In the last fourth phase of the merger, the board of directors and the managing director of the merging company must, as soon as possible after the merger is implemented, prepare the financial statements and the report on the activities of the company for the period for which the financial statements have not yet been presented to the general meeting (final accounts). If the company has an auditor, the final accounts must be submitted to the auditor for an audit report. Once the annual accounts and the audit have been completed and approved, the final accounts must be filed for registration with the Trade Register, after which the merger is completed in its final stage.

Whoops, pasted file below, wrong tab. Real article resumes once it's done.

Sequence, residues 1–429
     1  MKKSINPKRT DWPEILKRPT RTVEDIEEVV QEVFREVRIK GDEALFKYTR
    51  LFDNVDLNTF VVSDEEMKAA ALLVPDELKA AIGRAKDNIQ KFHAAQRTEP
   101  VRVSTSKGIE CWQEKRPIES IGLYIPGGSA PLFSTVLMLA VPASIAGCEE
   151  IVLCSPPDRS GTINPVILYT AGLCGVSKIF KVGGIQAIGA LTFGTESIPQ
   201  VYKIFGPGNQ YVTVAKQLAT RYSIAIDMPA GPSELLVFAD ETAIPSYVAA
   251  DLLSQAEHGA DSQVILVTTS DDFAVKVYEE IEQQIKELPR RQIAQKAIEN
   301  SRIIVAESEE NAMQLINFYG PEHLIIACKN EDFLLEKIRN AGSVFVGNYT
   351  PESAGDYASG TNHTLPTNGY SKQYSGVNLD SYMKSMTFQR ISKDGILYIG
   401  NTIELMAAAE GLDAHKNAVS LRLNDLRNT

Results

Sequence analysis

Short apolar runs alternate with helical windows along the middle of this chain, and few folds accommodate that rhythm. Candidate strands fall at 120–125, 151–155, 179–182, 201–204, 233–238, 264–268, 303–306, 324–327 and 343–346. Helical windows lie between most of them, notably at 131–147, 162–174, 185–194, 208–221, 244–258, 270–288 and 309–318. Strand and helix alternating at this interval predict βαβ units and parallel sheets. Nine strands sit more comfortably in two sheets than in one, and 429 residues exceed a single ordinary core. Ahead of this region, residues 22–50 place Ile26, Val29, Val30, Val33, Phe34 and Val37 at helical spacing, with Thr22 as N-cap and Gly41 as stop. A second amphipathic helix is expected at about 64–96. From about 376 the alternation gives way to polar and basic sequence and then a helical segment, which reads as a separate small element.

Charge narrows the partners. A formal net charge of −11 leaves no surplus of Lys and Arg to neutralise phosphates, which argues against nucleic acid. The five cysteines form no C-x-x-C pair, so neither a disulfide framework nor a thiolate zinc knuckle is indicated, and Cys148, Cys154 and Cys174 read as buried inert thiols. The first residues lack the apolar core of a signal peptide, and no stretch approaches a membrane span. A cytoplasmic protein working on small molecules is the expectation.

In summary, the implementation of a merger requires planning, scheduling, and strict compliance with several provisions of the Limited Liability Companies Act. If done correctly, a merger is an effective way to simplify the group structure, reduce administrative costs, and improve business efficiency.
We assist our corporate clients in all phases of a merger, from merger planning to the preparation of the final accounts. In addition to the scheduling and drafting of merger documents, we also assist clients with a wide range of other corporate matters such as mergers and acquisitions.